Northern Doctors Urgent Care (NDUC), a Northumberland-based general practitioner's co-operative, is using an AXXIS
document imaging system from Southampton-based Kendata Peripherals to eliminate the need to retain hundreds of thousands of
hand-written forms at its call-handling centre.
Co-operatives like NDUC have begun to spring up in recent years as part of a drive to improve service levels for GP's patients by enabling out-of-hours calls to be handled from a central point.
Each time a patient telephones the NDUC centre, the details are entered on to a database and a handwritten two-part form is completed by the duty doctor so that there is always a legal record of the call. One copy of this form goes to the patient's GP, and the other copy is kept by NDUC which, in line with health authority practice, keeps its records for seven years.
Since NDUC was set up in 1996, it has received an average of more than 100,000 calls a year, and it quickly became apparent that there was a need to store the documents electronically.
NDUC manager, Graham Stewart, takes up the story: Although most of the information about a particular call can be obtained from our database, it is the handwritten form that provides the legal record, and these are required occasionally when there is a complaint or a legal problem.
ÒI was concerned about having to keep 700,000 paper documents, not only because of the physical space required and the associated fire and security issues but also because of the potential difficulty of accessing a record when it is needed.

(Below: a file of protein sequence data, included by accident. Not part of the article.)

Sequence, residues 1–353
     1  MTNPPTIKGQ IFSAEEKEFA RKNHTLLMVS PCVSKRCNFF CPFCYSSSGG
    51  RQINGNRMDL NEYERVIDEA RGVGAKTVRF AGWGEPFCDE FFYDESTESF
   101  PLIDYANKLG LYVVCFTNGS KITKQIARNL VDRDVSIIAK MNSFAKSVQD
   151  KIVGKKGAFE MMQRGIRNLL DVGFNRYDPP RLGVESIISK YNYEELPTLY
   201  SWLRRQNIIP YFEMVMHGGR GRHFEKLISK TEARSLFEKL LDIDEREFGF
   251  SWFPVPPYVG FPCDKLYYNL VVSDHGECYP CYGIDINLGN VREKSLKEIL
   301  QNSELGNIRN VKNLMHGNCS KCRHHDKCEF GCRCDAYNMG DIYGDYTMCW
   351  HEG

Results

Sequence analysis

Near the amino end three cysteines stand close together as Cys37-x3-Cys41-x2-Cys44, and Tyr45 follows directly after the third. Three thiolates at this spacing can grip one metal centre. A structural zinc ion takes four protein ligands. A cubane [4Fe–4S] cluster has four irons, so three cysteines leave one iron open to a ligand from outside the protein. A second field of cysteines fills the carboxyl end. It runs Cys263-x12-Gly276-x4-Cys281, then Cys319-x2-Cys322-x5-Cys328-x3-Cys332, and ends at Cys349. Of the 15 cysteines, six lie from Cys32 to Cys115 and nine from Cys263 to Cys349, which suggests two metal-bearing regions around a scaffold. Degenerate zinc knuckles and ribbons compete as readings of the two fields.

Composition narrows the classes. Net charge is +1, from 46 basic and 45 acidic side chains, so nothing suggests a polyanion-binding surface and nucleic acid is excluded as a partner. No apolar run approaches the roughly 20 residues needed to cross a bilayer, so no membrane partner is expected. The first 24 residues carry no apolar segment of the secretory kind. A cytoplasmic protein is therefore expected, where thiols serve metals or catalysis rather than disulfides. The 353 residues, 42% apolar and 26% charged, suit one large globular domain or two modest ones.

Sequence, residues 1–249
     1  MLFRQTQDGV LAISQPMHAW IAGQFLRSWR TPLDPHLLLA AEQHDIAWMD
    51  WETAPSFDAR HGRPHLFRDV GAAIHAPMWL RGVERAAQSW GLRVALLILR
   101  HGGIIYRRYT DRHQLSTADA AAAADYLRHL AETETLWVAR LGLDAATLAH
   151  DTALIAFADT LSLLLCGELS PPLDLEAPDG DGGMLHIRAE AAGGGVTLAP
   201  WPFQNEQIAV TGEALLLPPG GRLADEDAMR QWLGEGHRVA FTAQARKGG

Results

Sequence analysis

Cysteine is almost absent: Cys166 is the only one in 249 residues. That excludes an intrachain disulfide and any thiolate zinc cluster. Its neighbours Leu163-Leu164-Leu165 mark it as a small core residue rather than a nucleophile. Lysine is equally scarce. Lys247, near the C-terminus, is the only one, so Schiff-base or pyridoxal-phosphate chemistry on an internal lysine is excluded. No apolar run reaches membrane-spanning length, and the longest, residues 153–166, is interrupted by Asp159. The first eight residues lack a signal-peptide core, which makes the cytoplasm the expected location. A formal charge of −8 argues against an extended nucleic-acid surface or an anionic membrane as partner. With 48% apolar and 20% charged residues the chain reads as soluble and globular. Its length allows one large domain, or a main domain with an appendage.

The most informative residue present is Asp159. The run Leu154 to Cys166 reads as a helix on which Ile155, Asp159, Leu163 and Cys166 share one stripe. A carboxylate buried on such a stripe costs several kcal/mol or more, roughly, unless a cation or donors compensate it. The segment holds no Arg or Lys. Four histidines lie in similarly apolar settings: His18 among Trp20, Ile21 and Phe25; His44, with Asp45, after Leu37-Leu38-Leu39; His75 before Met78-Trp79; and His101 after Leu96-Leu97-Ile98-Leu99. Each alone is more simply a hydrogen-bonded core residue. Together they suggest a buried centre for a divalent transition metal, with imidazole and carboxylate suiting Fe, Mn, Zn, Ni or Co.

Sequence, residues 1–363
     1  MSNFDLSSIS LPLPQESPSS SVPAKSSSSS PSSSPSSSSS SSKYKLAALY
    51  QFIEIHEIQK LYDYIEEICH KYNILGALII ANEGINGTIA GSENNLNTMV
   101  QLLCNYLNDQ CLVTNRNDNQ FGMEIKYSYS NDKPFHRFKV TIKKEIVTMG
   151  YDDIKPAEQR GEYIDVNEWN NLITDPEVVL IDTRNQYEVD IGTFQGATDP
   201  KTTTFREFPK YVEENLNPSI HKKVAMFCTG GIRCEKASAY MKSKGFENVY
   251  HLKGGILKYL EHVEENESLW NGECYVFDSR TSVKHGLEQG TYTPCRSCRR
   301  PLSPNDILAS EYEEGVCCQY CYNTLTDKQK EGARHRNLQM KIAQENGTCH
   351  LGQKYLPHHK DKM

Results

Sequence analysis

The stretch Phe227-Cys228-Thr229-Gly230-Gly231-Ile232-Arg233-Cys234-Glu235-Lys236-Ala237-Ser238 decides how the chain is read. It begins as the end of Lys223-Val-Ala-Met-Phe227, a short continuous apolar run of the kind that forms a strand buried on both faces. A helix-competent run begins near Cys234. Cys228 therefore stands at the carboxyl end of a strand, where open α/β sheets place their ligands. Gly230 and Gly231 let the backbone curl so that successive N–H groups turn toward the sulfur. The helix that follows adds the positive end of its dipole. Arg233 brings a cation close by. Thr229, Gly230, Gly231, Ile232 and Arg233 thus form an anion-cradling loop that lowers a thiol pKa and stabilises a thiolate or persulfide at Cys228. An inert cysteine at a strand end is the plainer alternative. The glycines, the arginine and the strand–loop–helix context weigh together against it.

After having evaluated several document imaging systems, Stewart settled on Kendata's AXXIS system, which includes a scanner, PC, optical disk drive and the document imaging software.
The AXXIS system is ideal for our needs, he continued. It enables us to store the forms in a secure way, and retrieving a particular document is quick and easy.
Data security is a key feature of the system: 15 levels of password-protected security are available, and the data-storage medium in this case, optical disk is encoded to prevent it from being read on an unauthorised system. Once transferred to a write-once optical disk, the forms cannot be manipulated or tampered with in any way.
Although AXXIS can provide a number of sophisticated search facilities, NDUC uses the simple retrieval mechanism of typing in a form's unique tag number, which is generated at the time of the patient's call.
Achieving a scanning speed of around 1000 documents per hour, NDUC soon managed to input its initial backlog of 260,000 forms. Document scanning is now carried out in batches on a weekly basis, and the handwritten forms are shredded soon afterwards.
The AXXIS system has certainly delivered the promised benefits of saving document storage space and allowing rapid retrieval of information concluded Stewart, and it also gives an additional quality factor to the service we provide.
15th October 1999 Ref. KE130/2